In one of the decisive scenes in “Silver Linings Playbook,” Pat Solitano Sr. (Robert De Niro) strikes a parlay with his gambling friend while the rest of the crowd in the house — including his son Pat (Bradley Cooper) and Pat’s dance partner Tiffany (Jennifer Lawrence) — fire their opinions in high volumes. Comparing their volatility to a bundle of home-made bombs would not be inappropriate: Pat Sr.

In what is probably not a good start to 2013, I am breaking two of my own rules for film reviews in writing about “Amour.” First, I read other film critics’ reviews halfway through drafting. Still baffled and frustrated, I then decided to frankly tell you that I don’t know what to think of it.

Survival films allure us with a scenario that is thankfully distant yet palpably visceral. Civilization absent, society invisible, norms abandoned, life threatened and despair the fabric of everyday existence, the dire circumstances that a survivor faces grip the audience with suspense. Yet the true charm of survival films lies not in our imagination of these harsh circumstances, where we, too, hold our breath when the protagonist dives underwater to escape from a sinking ship or clasp our armrests when he clings on to the only mast that will keep him from being devoured by iron waves.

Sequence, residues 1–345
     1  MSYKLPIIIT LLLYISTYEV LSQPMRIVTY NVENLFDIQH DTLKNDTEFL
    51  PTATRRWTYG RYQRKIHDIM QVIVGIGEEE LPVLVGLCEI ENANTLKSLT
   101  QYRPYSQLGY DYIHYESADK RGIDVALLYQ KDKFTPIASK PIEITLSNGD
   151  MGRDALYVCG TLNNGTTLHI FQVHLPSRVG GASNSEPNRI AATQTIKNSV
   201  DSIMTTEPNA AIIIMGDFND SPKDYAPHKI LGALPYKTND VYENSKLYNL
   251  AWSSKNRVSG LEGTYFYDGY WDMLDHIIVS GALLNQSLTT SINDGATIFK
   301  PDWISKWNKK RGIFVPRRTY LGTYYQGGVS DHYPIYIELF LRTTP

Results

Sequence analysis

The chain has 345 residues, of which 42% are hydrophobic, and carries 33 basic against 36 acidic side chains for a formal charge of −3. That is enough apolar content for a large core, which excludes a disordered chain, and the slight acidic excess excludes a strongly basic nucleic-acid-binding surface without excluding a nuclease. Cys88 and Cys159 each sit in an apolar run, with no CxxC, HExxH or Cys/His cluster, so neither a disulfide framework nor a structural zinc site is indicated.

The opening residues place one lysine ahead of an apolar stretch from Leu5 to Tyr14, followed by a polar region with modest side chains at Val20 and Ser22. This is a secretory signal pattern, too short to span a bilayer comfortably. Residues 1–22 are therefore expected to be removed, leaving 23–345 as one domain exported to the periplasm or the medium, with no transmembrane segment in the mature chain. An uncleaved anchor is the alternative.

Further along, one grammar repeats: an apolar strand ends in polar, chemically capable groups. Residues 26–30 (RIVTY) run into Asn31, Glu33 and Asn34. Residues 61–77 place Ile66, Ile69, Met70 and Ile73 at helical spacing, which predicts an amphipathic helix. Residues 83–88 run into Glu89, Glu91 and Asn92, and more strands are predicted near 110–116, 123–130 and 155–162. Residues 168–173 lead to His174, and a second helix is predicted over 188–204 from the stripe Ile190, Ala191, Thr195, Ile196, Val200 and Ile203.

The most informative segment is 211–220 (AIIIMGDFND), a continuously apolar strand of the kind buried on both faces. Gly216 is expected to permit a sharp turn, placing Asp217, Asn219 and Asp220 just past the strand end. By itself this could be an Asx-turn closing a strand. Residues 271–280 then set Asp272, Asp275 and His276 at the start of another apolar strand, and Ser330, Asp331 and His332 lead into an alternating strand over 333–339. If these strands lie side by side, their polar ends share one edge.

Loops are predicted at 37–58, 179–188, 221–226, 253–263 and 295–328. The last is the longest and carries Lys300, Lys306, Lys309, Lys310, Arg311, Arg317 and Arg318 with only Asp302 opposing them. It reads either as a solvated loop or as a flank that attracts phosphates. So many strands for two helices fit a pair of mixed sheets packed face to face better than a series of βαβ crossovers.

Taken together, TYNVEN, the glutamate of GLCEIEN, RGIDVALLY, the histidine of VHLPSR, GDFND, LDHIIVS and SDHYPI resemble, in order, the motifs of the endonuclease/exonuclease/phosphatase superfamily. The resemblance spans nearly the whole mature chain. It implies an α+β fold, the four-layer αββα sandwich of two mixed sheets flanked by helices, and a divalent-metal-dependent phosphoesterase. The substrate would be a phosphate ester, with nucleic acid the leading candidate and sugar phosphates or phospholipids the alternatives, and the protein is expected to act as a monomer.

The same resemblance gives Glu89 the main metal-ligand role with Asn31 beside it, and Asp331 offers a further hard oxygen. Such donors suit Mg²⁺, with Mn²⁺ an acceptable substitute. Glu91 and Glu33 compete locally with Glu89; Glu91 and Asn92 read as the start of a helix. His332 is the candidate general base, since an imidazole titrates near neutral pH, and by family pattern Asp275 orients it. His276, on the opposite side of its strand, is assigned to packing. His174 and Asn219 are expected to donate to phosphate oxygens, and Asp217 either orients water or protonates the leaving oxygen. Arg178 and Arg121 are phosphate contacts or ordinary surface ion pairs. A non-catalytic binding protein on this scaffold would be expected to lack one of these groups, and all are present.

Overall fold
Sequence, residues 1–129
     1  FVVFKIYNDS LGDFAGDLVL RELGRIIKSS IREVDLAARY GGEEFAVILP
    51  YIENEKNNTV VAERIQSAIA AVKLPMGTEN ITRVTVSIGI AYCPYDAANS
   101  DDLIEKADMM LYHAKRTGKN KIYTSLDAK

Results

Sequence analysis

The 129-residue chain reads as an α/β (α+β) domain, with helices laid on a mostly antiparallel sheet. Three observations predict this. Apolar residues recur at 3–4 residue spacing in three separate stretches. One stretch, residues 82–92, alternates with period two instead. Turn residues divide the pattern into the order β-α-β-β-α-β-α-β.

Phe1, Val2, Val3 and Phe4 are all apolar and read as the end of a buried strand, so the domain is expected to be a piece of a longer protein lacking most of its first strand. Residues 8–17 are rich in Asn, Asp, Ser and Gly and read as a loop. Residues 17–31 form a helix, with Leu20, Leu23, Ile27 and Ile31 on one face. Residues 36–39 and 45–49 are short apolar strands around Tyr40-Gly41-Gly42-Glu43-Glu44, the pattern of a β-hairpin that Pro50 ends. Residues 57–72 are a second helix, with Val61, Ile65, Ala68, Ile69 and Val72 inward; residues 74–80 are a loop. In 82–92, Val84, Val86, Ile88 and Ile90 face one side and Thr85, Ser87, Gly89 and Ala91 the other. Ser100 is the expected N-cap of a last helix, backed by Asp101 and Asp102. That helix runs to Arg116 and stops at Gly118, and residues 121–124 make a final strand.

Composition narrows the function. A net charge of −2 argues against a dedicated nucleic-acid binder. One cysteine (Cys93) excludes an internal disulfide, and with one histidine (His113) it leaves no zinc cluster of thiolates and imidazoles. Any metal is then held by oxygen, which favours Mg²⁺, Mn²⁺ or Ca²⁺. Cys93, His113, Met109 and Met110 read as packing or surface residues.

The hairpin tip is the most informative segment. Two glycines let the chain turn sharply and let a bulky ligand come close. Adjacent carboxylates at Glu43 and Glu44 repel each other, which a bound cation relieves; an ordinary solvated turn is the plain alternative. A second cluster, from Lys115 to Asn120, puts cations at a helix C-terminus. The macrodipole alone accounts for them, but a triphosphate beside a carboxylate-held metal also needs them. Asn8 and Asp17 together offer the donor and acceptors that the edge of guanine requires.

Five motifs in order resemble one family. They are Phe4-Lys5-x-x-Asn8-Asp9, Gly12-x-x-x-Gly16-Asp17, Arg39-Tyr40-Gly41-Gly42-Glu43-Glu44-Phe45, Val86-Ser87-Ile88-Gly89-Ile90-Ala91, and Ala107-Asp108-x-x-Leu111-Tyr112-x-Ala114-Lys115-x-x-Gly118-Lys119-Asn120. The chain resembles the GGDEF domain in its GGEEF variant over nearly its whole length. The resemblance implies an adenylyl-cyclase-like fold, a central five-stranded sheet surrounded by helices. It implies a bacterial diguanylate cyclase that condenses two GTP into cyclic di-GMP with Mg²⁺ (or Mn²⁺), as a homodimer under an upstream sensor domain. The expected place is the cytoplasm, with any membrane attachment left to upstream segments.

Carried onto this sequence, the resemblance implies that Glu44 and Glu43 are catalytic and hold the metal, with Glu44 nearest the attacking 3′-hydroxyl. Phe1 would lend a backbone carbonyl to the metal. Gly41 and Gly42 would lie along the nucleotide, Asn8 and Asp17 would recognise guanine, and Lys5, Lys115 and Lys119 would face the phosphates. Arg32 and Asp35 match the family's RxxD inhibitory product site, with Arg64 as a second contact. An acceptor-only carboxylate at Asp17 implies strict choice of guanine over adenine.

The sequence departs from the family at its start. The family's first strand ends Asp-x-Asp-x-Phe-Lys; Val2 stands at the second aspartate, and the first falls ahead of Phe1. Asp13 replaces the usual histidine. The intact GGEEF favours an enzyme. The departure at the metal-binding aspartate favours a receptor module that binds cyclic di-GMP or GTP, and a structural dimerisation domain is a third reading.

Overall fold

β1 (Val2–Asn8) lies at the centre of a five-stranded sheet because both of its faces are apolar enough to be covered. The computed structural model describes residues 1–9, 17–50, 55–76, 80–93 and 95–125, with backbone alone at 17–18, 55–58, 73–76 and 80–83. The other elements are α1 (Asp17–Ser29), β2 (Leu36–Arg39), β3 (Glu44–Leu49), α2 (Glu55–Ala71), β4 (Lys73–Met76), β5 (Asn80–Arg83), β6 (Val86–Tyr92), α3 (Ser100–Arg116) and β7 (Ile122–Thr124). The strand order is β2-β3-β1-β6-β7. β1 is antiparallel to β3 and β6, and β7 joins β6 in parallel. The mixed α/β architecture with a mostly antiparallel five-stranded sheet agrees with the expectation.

The 23rd and latest installment of the iconic spy film series by Ian Fleming, “Skyfall” is slick, sexy, exciting and above all, classic James Bond. Its loyalty to the franchise is rivaled only by that of Bond to MI6, the British intelligence agency that falls under attack both from an unexpected enemy and from the Parliament. Either side of the challenge presents a face-off: villain Raoul Silva (Javier Bardem) brings a bitter reunion of kinship and betrayal, and the government brings up doubt over MI6’s relevance in the present-day world.

Stripped of the fame and glory of movie stars or big-shot directors, documentary filmmakers often stand far from the spotlight and let their subjects speak instead. In “First Position,” the debut documentary feature by Bess Kargman ’04, the greatest voices come not from words but from body language.

Watching Meredith Monk was a dream come true for me. Indeed, her concert had the rare magic of teleporting me from the Buckley Recital Hall to imaginary landscapes: when she performed parts of “Songs from the Hill” (1977), I was watching her at the top of a mountain in New Mexico under the scorching summer sun, where the music was born. And when her voice bounced with the piano keys in “Traveling,” I felt like a kid hopping along a grassy path in a vast open land, bounded only by the snowy range from afar.

Fireworks never flash across the screen, but “The Master” celebrates the genius of acting, screen-writing, set design, directing and almost everything else about cinema with no less fuel and splendor. It is your typical Oscar suspect: an art-house independent film with more than a streak of ambition, an idolized director notable for his uncompromising style, a fierce cast, an intriguing story and as always, something contentious that nests at the tongue of the critics and the public alike. And yes, it is irresistible to an upper-middle class college town.